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Survey of Historic Sites and Buildings

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Historic Sites and Buildings

National Historic Landmark WRIGHT'S TAVERN

Location: Center of Concord on Lexington Road.

Ownership and Administration (1961). Society of the First Parish, Concord.

Significance. Wright's Tavern stood in the center of Concord. With the public meetinghouse on one side and the militia training ground on the other, it was a favorite resort of Concord's leading citizens for both business and pleasure, and thus played an important role in the transaction of the town's civil and military business. Built in 1747 by Ephraim Jones, who operated it until 1751, the tavern was managed during the portentous days of April 1775 by Amos Wright, whose name it has borne ever since. On April 19, when the courthouse bell announced the approach of Major Pitcairn's British troops, the Concord minutemen assembled at Wright's Tavern. Later, after Pitcairn's arrival in the public square, the British officers took refreshments in the tavern. As the scene of these events, the tavern has important associations with the opening military episode of the Revolution.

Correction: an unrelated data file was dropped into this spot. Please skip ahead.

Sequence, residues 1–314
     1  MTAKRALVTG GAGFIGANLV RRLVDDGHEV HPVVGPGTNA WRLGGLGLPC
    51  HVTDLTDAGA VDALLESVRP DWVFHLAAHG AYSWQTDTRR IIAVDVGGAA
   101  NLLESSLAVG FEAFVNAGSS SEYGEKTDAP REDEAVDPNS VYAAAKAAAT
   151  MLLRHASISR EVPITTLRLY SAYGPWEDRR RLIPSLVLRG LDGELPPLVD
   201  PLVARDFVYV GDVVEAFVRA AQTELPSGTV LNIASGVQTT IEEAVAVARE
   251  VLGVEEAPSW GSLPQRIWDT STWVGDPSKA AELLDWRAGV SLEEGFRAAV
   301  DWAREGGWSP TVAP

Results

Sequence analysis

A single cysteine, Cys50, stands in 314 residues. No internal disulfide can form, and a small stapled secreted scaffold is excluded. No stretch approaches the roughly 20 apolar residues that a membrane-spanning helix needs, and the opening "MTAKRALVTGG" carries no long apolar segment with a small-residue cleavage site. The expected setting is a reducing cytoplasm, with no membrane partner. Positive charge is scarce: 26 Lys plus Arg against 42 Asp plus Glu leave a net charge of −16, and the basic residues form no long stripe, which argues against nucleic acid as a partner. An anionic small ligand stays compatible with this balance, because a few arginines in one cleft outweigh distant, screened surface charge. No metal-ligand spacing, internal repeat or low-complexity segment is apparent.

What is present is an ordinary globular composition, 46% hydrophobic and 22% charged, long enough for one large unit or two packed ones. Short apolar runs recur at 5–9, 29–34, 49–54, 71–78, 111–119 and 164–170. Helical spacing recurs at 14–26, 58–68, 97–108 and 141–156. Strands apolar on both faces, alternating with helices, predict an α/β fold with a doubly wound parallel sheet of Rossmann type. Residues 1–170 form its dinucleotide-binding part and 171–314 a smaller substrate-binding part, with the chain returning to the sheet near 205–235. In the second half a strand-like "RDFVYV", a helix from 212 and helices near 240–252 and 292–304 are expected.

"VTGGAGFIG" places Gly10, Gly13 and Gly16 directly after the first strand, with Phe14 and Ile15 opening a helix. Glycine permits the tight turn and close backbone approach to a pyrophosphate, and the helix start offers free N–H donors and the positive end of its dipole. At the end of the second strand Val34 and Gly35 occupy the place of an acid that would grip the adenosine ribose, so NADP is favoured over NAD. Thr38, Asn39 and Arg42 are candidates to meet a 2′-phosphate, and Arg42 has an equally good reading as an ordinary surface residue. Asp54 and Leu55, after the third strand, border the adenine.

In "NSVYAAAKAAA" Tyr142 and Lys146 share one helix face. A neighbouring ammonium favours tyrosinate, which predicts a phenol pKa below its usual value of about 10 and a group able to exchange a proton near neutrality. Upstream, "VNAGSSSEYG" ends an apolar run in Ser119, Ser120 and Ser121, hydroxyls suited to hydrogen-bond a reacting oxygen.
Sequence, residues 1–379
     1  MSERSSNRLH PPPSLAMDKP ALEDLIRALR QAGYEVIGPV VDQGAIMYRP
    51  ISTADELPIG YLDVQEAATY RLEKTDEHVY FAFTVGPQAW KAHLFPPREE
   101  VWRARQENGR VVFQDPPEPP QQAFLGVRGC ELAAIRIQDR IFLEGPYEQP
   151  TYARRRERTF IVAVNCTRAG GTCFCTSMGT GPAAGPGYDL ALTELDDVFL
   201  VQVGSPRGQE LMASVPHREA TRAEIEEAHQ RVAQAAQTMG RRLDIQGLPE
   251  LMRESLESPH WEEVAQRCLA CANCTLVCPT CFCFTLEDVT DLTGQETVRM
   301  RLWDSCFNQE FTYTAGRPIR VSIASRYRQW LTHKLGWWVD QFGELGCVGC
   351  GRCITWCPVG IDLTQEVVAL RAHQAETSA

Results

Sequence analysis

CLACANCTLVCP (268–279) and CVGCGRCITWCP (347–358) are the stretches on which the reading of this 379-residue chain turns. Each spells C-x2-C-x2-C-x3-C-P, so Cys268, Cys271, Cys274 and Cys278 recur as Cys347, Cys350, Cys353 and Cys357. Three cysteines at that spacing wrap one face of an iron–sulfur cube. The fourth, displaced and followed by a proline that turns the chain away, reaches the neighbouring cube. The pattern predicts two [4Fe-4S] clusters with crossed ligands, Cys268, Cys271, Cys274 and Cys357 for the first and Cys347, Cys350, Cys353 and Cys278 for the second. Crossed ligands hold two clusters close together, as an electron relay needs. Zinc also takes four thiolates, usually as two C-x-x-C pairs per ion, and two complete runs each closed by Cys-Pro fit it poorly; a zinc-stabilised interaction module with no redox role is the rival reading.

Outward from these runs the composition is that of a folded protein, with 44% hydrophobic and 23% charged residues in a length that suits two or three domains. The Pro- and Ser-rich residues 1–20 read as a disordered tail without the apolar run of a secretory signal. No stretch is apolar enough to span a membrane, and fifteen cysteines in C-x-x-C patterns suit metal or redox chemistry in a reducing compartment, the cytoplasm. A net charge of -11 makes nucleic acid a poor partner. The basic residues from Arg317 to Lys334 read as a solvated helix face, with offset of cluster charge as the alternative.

Wright's Tavern
Wright's Tavern, built in 1747 at Concord, played a colorful role in events leading up to the War for Independence, and in the fighting which marked the war's first day. (National Park Service)

It also has associations with the Provincial Congress of Massachusetts Bay which met next door, in the First Parish Church, in October 1774. This congress, with John Hancock as president and Benjamin Lincoln as secretary, consisted of 300 delegates from Massachusetts towns who passed measures ending tax payments to the Crown and organizing a militia force to defy the King by arms if necessary. Wright's Tavern was used as a meeting place for committees of the Congress during the 5-day session, and also provided refreshments for the delegates.

Present Appearance (1961). With red clapboards and monitor or double hipped roof, low-studded Wright's Tavern is still in good condition. Until recently it functioned in its original role as a public house. Since the Revolution, however, it has seen many uses and was finally saved from a doubtful future by the efforts of the Society of the First Parish and the generosity of two of Concord's public-spirited citizens. [32]

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Last Updated: 09-Jan-2005